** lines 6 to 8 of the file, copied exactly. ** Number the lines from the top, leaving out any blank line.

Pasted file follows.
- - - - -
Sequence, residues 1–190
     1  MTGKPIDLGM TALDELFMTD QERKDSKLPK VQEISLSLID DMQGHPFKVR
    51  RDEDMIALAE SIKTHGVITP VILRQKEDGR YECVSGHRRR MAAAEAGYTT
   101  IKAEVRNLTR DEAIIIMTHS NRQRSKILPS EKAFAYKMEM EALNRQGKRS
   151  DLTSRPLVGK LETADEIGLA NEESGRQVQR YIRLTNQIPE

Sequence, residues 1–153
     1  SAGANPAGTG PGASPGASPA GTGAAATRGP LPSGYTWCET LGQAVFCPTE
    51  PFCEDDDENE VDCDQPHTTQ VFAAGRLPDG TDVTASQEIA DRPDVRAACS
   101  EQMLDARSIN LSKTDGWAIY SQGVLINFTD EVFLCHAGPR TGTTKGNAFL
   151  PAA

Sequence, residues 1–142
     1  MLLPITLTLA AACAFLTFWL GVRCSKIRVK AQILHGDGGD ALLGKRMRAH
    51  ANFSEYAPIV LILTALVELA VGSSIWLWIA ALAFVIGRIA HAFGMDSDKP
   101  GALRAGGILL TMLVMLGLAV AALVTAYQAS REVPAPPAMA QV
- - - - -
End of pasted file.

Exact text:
Sequence, residues 1–153
     1  SAGANPAGTG PGASPGASPA GTGAAATRGP LPSGYTWCET LGQAVFCPTE
    51  PFCEDDDENE VDCDQPHTTQ VFAAGRLPDG TDVTASQEIA DRPDVRAACS